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Transitioning Fitness with Your New Career

Dale Reynolds -- One thing to consider as you embark on a new career is the impact it will have on your physical activity level, and overall health.

Many new college students experience the "freshman 15" weight gain (up to 15 pounds) due to a change in eating and exercise habits. Yet some students do not gain weight because they actually become more active, walking or biking around campus. Everyone is different and needs to consider their lifestyle to decide how to stay healthy.

The same will be true as you embark on a new career. Metabolism naturally slows as we age. In order to maintain our health (and a healthy weight) it is necessary to make time for regular physical activity. It's so easy to think you're indestructible when you are young! But eventually, overeating or unhealthy eating combined with a lack of appropriate exercise will cause weight gain and raise your risk for a host of diseases. Consistent exercise will help boost your immune system, keep stress and depression at bay (a big consideration when making major life changes), and can strengthen your bones. So as you plan your future by selecting the right job in the right town and the right housing, consider your long-term health and how your new environment will support staying healthy. Don't ignore the importance of planning this area of your life!

The amount of formal exercise time you need will depend on how active you are on the job. A job that involves lots of walking and/or lifting heavy objects will burn more calories than a desk job. If you are sedentary at work you'll definitely need exercise outside of working hours. However, even with an active job you may still need extra exercise. How much extra activity you can squeeze in, and when, will naturally depend on your work schedule as well as the availability of convenient equipment and space to exercise. Think about how many hours you'll be working, and what time of day you'll be off, when planning for physical activity.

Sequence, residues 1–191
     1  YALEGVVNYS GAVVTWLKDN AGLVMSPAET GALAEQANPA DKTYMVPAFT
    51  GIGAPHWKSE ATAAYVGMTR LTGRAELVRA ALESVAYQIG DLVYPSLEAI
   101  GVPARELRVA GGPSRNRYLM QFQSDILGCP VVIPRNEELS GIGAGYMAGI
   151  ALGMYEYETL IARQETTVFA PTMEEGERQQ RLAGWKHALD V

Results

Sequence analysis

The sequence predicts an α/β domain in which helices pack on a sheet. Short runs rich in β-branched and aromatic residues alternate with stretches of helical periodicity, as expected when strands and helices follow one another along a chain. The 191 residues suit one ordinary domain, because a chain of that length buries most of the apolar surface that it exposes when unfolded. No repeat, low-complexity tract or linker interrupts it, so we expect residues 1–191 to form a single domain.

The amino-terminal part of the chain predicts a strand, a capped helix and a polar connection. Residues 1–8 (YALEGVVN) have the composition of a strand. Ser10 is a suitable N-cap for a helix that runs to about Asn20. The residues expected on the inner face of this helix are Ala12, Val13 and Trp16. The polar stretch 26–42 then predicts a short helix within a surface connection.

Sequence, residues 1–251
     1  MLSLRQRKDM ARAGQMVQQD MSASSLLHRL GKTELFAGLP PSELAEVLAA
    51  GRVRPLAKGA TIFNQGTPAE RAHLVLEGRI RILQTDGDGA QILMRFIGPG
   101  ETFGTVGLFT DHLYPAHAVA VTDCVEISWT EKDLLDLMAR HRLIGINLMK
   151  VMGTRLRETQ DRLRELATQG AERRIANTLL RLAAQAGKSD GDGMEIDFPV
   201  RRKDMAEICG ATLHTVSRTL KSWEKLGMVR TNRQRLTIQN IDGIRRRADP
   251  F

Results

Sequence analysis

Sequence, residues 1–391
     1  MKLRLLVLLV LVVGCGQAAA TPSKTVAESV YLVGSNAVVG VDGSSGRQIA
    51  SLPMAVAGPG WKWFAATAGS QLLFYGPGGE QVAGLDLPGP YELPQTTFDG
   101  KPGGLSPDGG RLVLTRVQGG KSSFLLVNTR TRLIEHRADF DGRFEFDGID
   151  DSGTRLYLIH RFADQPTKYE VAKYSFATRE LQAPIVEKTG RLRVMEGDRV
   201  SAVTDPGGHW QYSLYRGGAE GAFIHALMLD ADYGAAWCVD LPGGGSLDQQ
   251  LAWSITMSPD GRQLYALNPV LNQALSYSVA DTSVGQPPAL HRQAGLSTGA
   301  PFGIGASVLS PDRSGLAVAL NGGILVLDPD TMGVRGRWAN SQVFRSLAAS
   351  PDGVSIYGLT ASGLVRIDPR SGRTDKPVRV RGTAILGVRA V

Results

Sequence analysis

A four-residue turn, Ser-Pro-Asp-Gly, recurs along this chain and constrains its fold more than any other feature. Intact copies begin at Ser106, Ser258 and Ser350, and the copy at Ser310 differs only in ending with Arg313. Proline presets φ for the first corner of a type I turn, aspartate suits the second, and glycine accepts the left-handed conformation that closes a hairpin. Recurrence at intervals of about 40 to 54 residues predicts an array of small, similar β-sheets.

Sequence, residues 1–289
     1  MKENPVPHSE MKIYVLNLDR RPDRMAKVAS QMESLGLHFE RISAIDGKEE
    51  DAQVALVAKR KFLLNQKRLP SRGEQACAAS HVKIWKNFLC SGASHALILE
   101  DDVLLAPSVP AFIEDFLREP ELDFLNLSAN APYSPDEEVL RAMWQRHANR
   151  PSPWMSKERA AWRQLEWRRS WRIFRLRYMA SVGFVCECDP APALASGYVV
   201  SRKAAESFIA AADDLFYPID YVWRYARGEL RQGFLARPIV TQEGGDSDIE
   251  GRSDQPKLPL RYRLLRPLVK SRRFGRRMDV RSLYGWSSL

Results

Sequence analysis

Changes In Eating Habits

It's really difficult to get enough exercise to protect you from weight gain if your food choices are consistently unhealthy. The food options and temptations available will be influenced by your career and employer choices. The company cafeteria, vending machines, and treats brought in by coworkers and clients (and goodies for sale to benefit "worthy causes") can all add temptations that you might not have had (or were too busy to notice) in college.

The culture at work also influences food choices. If everyone takes a breakfast break, you probably will too, so bring in fruit for a healthy snack. If all of your co-workers eat fast food for lunch, you might go along. You can either make smart choices, or break tradition (or form a new one!) by packing your own lunch. If treats and vending machines call your name, plan to keep a stash of healthy snacks at your desk.